“In general, 10% of all hospital beds should be in ICUs,” he said. “But in Russia, it’s only around 5%. What that means is that hospitals are not ready for a large increase in seriously ill patients.”

Shtabnitsky explained that Russian hospitals typically only have wards for either basic or intensive care. That means patients with moderate conditions often end up in ICUs, potentially taking up beds, ventilators and caregiving. Moreover, those wards are already largely “occupied,” Shtabnitsky says, with little spare capacity.

Heightened risk

In the context of a pandemic, Russia’s weaker record on infection controls within hospitals could also put vulnerable patients at heightened risk, Twigg said.

“A lot of these people, for whom there isn’t space in high-level ICUs, are going to be put on wards with other patients,” she said. “And you worry that people who might just be sick with influenza might have patients next to them with the coronavirus.”

A curiously-timed spike in pneumonia cases is already exerting extra pressure on ICUs in Russia, Shtabnitsky added. Last week, the RBC business daily reported that Moscow saw a 37% increase in pneumonia cases, a phenomenon doctors are noting around the country. Even Russian lawmakers have begun raising fears that misdiagnosis could already be rife.

Like in many countries, Russia’s authorities have already started scrambling to address some of the potential pressure points. Construction started this week on a new coronavirus treatment facility outside Moscow that the city wants to have completed within weeks, and there are reports of local authorities starting to order more respiratory ventilators. Russian medical website Medvestnik reported that Moscow has launched a tender for more than 150 new ventilators, while several other regions have also issued public procurement notices in recent days.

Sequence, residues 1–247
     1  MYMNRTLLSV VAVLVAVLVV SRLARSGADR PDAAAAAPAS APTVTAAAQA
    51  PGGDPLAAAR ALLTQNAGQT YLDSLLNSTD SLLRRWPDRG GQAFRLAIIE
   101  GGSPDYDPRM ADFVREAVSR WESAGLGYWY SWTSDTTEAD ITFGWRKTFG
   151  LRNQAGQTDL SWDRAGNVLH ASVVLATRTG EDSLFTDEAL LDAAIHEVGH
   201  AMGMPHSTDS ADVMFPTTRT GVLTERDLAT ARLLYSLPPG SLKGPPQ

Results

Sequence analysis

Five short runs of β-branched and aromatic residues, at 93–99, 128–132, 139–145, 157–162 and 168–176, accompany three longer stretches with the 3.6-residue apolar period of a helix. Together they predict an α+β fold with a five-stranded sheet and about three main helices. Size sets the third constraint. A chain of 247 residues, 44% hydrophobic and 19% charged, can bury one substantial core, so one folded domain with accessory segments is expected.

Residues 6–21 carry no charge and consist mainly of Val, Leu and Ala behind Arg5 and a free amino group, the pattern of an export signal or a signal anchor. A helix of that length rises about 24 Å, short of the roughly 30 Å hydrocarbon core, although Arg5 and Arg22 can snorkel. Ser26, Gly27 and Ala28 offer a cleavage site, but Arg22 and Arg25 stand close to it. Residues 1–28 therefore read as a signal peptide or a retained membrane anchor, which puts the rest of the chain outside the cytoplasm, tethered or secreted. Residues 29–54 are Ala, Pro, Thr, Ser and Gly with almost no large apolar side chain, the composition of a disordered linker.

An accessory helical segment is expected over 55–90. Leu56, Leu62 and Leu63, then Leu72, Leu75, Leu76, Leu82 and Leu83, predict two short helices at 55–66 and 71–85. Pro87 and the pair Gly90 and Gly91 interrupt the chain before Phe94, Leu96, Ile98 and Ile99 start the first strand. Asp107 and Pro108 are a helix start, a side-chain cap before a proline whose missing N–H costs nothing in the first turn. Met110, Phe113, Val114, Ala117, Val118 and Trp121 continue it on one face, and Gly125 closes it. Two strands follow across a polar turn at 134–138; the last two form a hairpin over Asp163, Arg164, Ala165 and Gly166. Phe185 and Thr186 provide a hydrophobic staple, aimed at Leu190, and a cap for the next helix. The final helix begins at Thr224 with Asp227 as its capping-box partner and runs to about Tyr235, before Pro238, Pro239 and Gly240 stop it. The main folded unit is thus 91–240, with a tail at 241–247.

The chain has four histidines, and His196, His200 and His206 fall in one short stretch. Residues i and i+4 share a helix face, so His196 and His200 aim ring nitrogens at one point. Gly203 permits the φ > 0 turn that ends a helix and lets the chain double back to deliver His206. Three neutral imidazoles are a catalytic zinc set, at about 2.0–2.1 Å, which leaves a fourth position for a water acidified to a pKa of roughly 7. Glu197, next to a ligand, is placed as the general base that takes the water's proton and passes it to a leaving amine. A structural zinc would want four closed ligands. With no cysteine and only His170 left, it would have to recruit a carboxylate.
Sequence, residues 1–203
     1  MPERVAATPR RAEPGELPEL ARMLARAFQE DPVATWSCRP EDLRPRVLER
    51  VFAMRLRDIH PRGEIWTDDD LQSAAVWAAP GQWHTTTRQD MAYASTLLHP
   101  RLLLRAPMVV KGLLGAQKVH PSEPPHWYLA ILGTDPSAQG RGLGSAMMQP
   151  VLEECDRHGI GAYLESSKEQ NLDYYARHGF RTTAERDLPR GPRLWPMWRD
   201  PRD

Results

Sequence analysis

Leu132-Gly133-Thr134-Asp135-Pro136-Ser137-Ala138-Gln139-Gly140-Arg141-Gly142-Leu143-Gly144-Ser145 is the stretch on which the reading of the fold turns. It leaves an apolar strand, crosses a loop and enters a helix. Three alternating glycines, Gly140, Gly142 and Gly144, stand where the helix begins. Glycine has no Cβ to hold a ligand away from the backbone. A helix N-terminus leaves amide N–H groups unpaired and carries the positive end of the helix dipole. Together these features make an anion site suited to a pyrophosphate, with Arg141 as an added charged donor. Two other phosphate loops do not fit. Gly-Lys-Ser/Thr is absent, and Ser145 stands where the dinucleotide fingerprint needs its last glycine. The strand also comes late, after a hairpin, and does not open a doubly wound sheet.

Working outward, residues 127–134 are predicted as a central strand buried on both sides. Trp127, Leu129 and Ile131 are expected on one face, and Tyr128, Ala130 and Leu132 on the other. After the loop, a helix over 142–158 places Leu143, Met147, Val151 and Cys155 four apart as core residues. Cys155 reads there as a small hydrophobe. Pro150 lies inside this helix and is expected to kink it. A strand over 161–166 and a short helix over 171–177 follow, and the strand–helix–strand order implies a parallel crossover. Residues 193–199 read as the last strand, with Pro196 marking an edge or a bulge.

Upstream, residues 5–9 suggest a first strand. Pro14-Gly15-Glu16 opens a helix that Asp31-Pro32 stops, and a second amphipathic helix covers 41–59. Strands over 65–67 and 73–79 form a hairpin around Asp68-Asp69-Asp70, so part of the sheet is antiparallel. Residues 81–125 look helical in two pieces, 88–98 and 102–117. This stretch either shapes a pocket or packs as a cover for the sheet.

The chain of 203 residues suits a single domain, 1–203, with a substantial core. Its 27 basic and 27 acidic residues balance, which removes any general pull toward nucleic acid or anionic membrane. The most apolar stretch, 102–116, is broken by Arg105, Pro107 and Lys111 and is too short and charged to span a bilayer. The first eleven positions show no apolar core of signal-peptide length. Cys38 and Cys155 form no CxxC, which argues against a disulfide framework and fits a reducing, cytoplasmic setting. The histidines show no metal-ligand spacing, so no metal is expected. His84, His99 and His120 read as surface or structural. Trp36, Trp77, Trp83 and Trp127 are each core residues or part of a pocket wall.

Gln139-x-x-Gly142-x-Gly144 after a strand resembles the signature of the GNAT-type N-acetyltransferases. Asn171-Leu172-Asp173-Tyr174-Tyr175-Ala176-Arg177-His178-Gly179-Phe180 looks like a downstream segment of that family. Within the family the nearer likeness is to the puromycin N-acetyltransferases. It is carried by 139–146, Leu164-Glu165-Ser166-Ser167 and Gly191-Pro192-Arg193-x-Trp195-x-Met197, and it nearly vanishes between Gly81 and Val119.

This quick response is one area those with experience of Russia’s health bureaucracy say it is strong in.

“Historically, the health system of the U.S.S.R. and Russia was built on the basis of mobilization — it is militaristic, even — because governments were preparing for an emergency,” said Yury Krestinsky, who previously worked in Russia’s Health Ministry and now leads Sberbank’s healthcare business.

Krestinsky hopes this feature of the system could allay concerns about a lack of capacity in ICUs. For instance, he said that of Russia’s 800,000 regular hospital beds, 15% could be quickly transformed into intensive facilities, meaning 120,000 patients with more serious conditions could be treated at one time.

“Of course we don’t have enough money for everything in our medical care system, but if we talk about emergency mobilization, this still works and it works well,” he added.